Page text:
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PostPosted: Sat 12 Mar , 2005 7:02 pm 
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I've wanted a viking funeral, but I think it might be illegal in the states. I do want the second quote in my sig as my marker. I don't really care whether I'm buried or cremated, but if buried...pine box. Stupid coffin...

'Passed away' does only work for those who go quietly in their sleep. Though I think perhaps I could say my grandfather passed away. He was at the nursing home and the nurses saw something might be wrong during lunch, they brought him to his room, laid him in his bed, he took one last breath and that was it. Nice way to go if you ask me.

That kid who got dragged certainly did not "pass" anywhere. Killed, died, etc., never passed.

Just to ramble some more, I was amazed during the funeral because he is a former police chief, so we had a police escort to the church and cemetery. The paulbearers even shouldered the coffin with a line of about 5 cops along the stairs.

Sorry for all the death rambling.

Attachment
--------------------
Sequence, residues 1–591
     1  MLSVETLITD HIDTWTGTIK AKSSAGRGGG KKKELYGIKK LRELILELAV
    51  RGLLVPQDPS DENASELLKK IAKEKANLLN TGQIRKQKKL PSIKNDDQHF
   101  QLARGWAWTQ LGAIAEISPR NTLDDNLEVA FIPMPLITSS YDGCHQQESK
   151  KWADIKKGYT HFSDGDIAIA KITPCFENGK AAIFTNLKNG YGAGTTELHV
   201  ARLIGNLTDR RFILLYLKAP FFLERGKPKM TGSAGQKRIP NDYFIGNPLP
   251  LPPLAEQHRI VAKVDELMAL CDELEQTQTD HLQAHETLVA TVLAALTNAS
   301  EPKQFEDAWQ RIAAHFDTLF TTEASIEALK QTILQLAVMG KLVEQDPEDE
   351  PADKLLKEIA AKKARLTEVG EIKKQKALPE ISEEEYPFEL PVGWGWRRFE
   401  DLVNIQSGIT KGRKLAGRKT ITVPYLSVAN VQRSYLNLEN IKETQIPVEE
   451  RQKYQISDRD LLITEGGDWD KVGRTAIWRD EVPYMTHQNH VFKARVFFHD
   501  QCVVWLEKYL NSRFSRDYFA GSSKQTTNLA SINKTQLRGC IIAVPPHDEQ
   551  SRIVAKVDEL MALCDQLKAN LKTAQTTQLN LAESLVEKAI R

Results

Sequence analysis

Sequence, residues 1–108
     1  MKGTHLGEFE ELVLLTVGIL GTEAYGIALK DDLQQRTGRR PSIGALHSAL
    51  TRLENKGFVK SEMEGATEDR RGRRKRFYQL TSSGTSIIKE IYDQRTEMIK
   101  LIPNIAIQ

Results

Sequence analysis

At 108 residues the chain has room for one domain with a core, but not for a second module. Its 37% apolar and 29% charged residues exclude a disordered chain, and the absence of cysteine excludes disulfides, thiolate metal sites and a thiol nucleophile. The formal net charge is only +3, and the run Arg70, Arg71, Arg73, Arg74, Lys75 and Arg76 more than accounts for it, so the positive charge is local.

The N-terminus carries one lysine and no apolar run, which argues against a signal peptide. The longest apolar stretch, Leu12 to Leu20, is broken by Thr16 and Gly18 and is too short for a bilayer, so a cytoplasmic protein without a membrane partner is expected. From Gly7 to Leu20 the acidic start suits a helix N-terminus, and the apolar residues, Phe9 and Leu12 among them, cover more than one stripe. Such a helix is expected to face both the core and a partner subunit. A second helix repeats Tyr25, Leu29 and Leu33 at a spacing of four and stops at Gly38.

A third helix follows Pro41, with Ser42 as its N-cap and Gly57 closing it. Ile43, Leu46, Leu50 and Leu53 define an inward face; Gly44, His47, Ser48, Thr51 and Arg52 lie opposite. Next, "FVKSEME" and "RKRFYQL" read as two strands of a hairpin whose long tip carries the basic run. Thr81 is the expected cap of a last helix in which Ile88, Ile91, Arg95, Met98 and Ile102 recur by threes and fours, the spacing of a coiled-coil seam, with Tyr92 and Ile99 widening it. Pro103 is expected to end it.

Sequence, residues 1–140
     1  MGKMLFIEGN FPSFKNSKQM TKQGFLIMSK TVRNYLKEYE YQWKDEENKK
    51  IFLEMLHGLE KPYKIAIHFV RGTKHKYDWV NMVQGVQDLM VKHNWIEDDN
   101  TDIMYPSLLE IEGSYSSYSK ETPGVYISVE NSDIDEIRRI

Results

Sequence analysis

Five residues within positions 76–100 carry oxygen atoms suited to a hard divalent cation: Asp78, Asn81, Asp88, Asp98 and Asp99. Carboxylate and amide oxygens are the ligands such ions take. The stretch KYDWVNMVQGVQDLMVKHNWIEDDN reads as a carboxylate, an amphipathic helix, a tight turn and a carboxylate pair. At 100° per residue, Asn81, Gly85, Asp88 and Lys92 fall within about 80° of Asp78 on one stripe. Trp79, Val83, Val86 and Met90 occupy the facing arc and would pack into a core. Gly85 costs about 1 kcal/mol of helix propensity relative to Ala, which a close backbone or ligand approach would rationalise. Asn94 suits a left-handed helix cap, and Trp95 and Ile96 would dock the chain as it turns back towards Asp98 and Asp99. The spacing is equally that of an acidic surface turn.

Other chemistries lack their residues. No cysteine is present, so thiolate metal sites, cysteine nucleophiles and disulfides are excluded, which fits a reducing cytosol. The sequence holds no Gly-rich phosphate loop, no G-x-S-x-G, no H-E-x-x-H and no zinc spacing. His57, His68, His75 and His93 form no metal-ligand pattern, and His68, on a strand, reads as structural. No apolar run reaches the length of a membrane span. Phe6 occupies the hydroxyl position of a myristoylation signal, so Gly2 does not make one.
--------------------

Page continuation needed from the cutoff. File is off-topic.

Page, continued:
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 Post subject:
PostPosted: Sun 13 Mar , 2005 8:48 am 
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I often thought about if and where I would like to be buried.

I don´t like the thought of a "normal" grave on a graveyard and my family has to look after it and do some gardening work or pay for someone doing it. And after 25 years someone must pay for the maintenance of the grave or it will be removed.

There are some possibilities here like being cremated and the ashes can be spread on the open sea. A good idea to me seems the already existing "forests of peace", where the ashes will be buried at the roots of a tree. I would like to have a funeral in the forest and a wake is not a custom here in Germany. The corpse is being kept in store at the undertaker´s and later it goes to the graveyard.

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PostPosted: Sun 13 Mar , 2005 5:40 pm 
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I've been thinking a lot about this lately, especially since both of my grandmothers died in the first five weeks of this year. One had a lovely ceremony in the butterfly house of the Detroit Zoo, where she worked. The other had a very traditional Jewish funeral. It was kind of an interesting comparison. . .

I think "passing away" can really only be used if someone dies naturally, in bed, of old age or something like that. Because that's literallly passing. . . passing out of this world. But murder, that's more like being dragged out. Being pushed kicking and screaming. That's just dieing.